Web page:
The Catholic faith is not simply a collection of doctrines, or a body of knowledge, or a system of beliefs. Nor is it simply a tradition or a cultural or religious expression although it is all of those things and more. Fundamentally, Christianity is an experience: a life-changing, personal experience of the risen Jesus Christ. Everything else in our life as Catholics, flows from that personal encounter with Jesus Christ. If we truly seek him, then we will always find him. But when we find him, we need to be ready for the consequences, because nothing about our lives can be the same. We are called to new life.
This week, at St. Joseph in Grande Prairie, three adults received the sacraments of initiation – Baptism, Confirmation and the Eucharist. They will now find that they are propelled into a new life in Christ. That means they will begin to see the world in new ways. First, they will have to begin to look for God at work everywhere: through the natural world, through the good work of God’s people trying to bring love and compassion into the world in real ways, and through the church. It is easy to overlook the good that God brings into the world, amid all the bad news on television, online, and in movies. However, God is alive and active and always working for the good of his people. But, if you don’t look for the good you won’t see it.
Secondly, they will have to say goodbye to their old life, because they are already living a new life. An image from the Bible comes to mind about the process of coming to “new life”. Recall the Israelites fleeing from Pharaoh in Egypt. They come to the Red Sea. Now they have the Red Sea in front of them and Pharaoh’s army behind them. God, working through Moses, parts the sea and they walk through on dry ground with walls of water on either side. They get to the other side and the waters return to their natural depth, killing Pharaoh’s army. Now on the other side, the Israelites must live a new life.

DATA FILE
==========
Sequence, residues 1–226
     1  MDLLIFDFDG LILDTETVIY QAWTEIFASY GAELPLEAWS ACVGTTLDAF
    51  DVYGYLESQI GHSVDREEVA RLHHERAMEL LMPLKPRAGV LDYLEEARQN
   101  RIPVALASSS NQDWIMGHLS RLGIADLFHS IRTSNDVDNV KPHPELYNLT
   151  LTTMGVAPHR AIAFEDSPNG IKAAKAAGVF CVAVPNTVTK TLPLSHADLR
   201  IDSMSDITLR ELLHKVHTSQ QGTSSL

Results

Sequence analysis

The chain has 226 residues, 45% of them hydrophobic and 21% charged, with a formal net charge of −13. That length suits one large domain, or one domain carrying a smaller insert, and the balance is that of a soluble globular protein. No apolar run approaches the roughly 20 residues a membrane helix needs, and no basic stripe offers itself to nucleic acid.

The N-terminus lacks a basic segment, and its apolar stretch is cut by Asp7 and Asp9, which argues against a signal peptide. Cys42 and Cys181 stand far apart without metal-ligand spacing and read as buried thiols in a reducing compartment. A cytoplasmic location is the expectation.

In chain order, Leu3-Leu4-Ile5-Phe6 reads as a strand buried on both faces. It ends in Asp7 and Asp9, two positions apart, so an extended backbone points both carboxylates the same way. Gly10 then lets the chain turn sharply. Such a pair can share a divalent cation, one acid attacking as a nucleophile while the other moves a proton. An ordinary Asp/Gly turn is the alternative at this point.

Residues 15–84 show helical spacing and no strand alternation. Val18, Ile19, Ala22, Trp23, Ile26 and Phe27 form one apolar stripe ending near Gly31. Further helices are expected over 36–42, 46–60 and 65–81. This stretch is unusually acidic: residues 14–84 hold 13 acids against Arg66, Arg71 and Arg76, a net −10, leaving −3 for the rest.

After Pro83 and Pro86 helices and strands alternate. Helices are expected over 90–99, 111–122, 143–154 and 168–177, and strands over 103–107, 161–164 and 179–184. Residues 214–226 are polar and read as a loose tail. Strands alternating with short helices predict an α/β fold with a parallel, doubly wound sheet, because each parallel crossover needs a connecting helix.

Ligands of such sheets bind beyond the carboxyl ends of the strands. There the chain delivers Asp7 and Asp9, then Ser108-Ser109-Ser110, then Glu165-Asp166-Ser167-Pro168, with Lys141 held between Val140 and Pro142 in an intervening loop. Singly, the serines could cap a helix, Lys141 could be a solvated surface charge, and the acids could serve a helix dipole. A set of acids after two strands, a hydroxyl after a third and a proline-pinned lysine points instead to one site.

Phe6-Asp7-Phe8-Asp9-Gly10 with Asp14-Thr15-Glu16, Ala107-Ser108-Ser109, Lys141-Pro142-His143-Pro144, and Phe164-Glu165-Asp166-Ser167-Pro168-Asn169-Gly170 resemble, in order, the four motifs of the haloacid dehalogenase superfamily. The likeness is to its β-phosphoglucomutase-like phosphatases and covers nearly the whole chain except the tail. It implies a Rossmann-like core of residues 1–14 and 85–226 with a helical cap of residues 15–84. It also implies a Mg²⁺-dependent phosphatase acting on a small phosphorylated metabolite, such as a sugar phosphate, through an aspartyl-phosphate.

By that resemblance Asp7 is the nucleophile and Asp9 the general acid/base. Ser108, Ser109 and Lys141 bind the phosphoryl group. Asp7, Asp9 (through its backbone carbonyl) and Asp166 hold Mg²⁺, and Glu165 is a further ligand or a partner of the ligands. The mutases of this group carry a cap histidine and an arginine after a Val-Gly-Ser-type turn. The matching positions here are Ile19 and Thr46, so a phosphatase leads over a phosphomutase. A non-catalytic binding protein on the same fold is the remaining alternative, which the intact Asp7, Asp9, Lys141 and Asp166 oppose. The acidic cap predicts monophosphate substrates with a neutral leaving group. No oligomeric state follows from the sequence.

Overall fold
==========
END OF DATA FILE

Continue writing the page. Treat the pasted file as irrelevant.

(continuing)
What they discovered was that freedom as a free people was not always easy. In Egypt, as slaves, they had been provided with meagre food and lodging. They were not free, but they knew how to live that life. Their new life was uncertain, full of new dangers, hardship and deprivation. However, God was with them in a pillar of fire and a pillar of cloud to remind them of his presence (Exodus 13:21-22). God provided them with manna and quails for food, and water to drink. They had to suffer, and ask for help, but God always provided for them.
New life in Christ means letting go of old thinking, old seeing, old habits and old expectations. New life requires new thinking, new seeing, new habits and new expectations. It will not always be easy. But, I pray that the newly baptized will trust that God will be with them, through others in the church. Our God is a faithful God. Baptism, Confirmation and the Eucharist are gifts God gives for the journey. And once God gives a gift, he does not take it back.